Tbilisi – Narikala fortress, Metekhi, Sameba church, Mtatsminda (pantheon of public figures and park at the top of the mount). Museums,… more at: info-tbilisi.com
Mtskheta – old capital of Georgia. Svetitskhoveli church (Christ’s robe), fortress over there, Samtavro monastery (with graves of the first Georgian king and queen).
Stepantmisnda – Gergeti church. amazing view
Vardzia – cave city of the middle ages.
Rabati in Akhaktsikhe
Gori (stalin’s museum) and Upilstsikhe cave city (of the ancient times) near it.
Shatili – vilalge of castle
Abudelauri lakes in Khevsureti (green, blue, white).
Svaneti
Borjomi – Mineral waters, national park, cableway, sulfur springs, Gogia’s castle and other sights nearby

Georgian undergraduate exchange students in Europe

Almost every Georgian student wishes to study in Europe. A reason for that is to gain international experience, get to know diverse people with various living standards, make new friends, share experiences with them and return to the home country with new ideas and perspectives. As one of the Georgian exchange students said: “Studying abroad is a big challenge because you need to be independent and adapt to a new environment. This experience of adapting to new environments will be of big interest later in life when you come on the working market”.

But, for undergraduate students we have only about 30 places for English speaking students far less for other language speaking (German, Spanish, Italian…) ones each year, while many more wish to be an exchange student. More difficult is to be the beneficiary of ERASMUS Lot 6.

Thus, selection process is merit-based and quite difficult to go through, so students should prepare specially for it. Competition for one-semester mobility program includes three steps: 1. Passing English Language (B2) Test 2. Writing motivation letter and presenting your grades (High GPA is required), recommendation letters, and the offered Universities, listed in priority order. The 3rd step is an interview where you have to answer some of the standard questions like “why you would like to study in Europe”, “how will you use this experience after returning to your home country”, “why are you the best candidate for this programme” etc. as well as some unexpected ones, which you should answer in a spontaneous and natural manner, because your presence of mind matters in such a situation.

I mentioned high GPA in the above analysis, but work experience, voluntary experience and other kinds of extra-curricular activities also count a lot. Skills gained through nonformal education is as worthy as those through formal learning, because it focuses on practical skills and knowledge. Formal and nonformal education can complement each other if properly understood (“What is Nonformal Education?” Arlen Etllng).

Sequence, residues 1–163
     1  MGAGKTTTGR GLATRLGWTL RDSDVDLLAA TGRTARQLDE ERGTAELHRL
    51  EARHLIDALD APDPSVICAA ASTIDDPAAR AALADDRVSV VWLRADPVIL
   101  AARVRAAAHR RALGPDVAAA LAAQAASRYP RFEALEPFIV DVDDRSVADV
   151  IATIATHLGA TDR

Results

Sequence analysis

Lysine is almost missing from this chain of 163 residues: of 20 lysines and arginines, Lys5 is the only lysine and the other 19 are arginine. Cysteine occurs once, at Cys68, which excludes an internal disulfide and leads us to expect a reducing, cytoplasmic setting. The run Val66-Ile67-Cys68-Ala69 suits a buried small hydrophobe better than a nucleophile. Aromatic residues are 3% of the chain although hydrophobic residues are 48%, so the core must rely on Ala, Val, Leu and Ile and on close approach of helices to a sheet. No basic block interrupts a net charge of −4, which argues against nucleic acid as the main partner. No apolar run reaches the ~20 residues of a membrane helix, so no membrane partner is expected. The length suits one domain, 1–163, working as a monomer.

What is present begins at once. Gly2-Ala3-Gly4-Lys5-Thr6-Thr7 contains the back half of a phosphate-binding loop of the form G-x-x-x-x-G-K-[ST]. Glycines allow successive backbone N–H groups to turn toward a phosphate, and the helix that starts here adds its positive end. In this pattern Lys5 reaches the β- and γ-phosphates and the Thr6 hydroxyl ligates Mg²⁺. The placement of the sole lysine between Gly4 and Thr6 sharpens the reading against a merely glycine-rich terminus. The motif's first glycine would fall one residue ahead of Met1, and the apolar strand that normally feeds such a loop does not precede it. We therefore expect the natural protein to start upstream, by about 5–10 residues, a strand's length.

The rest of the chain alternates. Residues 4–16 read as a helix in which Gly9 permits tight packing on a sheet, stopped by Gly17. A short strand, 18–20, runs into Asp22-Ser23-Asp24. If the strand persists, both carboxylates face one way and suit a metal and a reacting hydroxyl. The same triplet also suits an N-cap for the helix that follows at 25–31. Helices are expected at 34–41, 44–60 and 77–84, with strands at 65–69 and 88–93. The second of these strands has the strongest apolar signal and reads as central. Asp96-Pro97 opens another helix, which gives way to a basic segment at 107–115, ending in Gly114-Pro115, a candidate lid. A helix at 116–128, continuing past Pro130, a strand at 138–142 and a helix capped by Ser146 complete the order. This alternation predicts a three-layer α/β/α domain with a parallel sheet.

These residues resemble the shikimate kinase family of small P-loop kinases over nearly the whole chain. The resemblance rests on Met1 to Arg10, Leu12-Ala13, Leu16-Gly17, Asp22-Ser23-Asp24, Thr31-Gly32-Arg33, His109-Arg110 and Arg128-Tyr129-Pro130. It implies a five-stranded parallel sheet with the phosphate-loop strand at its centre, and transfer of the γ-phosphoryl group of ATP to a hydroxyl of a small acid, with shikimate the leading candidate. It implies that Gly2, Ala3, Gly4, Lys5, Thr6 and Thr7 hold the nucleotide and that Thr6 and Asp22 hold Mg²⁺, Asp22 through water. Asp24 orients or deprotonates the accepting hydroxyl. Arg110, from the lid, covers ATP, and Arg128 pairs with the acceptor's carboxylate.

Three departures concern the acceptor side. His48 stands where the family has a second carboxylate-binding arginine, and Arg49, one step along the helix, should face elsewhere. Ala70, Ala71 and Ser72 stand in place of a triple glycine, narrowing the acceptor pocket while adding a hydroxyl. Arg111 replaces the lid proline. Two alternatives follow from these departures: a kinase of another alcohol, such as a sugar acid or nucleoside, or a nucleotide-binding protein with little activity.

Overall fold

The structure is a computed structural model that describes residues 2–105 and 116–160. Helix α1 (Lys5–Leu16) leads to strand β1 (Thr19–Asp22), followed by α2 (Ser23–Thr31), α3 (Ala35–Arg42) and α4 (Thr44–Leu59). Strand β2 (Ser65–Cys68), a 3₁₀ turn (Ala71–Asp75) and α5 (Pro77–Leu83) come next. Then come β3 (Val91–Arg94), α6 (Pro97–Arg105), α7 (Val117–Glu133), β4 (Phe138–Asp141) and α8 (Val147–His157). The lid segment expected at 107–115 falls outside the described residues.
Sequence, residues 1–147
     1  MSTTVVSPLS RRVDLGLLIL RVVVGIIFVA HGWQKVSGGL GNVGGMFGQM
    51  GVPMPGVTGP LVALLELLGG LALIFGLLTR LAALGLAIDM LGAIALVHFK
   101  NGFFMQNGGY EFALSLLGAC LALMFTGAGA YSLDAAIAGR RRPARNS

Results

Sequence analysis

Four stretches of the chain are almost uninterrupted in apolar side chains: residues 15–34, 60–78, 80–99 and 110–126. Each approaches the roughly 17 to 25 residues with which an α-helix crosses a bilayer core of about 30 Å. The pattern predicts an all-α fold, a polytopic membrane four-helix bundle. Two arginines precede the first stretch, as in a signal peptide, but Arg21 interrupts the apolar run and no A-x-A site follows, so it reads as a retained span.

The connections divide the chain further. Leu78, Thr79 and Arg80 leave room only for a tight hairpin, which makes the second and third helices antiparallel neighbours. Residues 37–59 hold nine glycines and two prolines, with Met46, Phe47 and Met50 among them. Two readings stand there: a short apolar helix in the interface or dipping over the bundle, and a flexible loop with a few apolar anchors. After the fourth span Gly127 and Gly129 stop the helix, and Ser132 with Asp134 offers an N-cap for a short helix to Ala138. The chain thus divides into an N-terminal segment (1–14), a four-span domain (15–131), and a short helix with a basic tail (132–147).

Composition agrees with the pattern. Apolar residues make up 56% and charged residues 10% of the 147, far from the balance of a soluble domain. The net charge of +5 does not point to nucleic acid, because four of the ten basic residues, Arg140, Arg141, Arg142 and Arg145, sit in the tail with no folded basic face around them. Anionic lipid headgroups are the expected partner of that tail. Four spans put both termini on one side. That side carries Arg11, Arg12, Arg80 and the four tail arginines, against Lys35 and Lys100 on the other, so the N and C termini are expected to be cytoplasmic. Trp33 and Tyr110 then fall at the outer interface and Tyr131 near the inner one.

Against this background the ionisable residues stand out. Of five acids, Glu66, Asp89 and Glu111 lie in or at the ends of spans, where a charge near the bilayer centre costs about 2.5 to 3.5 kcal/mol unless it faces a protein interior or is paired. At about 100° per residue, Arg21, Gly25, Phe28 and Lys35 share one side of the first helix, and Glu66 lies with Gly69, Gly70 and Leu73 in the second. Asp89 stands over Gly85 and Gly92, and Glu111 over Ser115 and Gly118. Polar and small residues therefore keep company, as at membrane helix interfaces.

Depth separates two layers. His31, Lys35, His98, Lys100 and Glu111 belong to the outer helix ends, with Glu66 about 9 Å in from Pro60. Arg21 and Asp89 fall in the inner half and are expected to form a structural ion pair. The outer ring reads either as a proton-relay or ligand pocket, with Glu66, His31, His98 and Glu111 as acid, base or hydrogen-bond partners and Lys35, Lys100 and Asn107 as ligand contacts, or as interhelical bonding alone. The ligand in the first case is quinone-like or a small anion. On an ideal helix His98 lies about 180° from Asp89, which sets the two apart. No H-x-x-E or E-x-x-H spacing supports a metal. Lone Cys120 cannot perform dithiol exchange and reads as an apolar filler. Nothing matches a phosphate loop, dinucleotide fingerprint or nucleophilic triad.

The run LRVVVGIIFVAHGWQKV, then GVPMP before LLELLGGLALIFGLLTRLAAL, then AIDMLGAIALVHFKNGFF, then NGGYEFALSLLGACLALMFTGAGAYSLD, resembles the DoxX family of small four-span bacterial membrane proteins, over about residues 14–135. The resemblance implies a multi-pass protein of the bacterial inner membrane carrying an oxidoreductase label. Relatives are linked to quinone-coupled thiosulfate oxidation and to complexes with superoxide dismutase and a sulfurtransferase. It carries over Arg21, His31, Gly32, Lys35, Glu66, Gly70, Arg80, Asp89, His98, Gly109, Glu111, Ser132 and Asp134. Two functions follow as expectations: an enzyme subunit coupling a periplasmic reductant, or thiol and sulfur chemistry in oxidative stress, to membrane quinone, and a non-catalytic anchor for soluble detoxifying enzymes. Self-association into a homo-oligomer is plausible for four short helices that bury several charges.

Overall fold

Akaki Koridze is former exchange student in Riga, Latvia. He has spent 2011/2012 autumn semester there and has just returned to Georgia. Gained experience helped him to find a job and thus excel in his career. Akaki talked with us about the advantages and significance of mobility programs, as it helps students to expand their worldview, become more aware of European educational and cultural policies and be able to accept the differences. Georgian students had a presentation of the country in one of the schools in Riga. “The school students were aware of Georgia less than we expected they would be, we had a mini-test during the presentation and the only question they gave the right answer was – who is the president of Georgia?” On the question, how did he manage to go through the selection process, Akaki answered that good knowledge of English and motivation helped him to convince the jury in his abilities, “I knew exactly what I wanted and why I needed this program for my future career”, – he says. For his Masters Degree Akaki would like to continue studying in Western Europe or in USA.

Author: Ana Koridze

Tbilisi State University

ECTS in Georgia and recognition of credits gained abroad

European Credit Transfer and Accumulations system was initially launched in 1989 as a pilot project in the ERASMUS program. The original goals of the scheme were to facilitate student mobility and bridge educational systems at a national and international level by the means of credit transfer. ECTS plays a key role in the creation of the European Higher Education Area (EHEA) through the Bologna process.

On May 2005 Minister of Education and Sciences of Georgia signed the Bergen Communiqué and thus Georgia, post Soviet state, officially joined the Bologna Process like forty five other European countries and committed itself to becoming a constituent part of the European Higher Education Area by 2010 (EPPM Project Report,2005).

After 2005, Georgian students can apply for an exchange program and study abroad so that when they are back their courses will be recognized.

Once the students receives confirmation of acceptance from a receiving institution, he/she has to compose a learning agreement, which is a study contract among the student, sending and receiving institutions and must be signed by all three parties to become valid. The study modules which the students will take during his stay in the host institution will be specified in the learning agreement. The Learning Agreement and the transcript of records guarantee the transfer of credit for courses passed successfully by the exchange student. The relevant person in charge at the home university carries out the recognition after the student returns to his/her home institution. Among my respondents there were several exchange students who have not composed a learning agreement. In this case their credits could not be transferred.

Generally, credit recognition process looks like this: students bring the grades and syllabus from the host university; relevant people check them and recognize passed courses which have analogical content as the ones which are defined by the home university’s study program.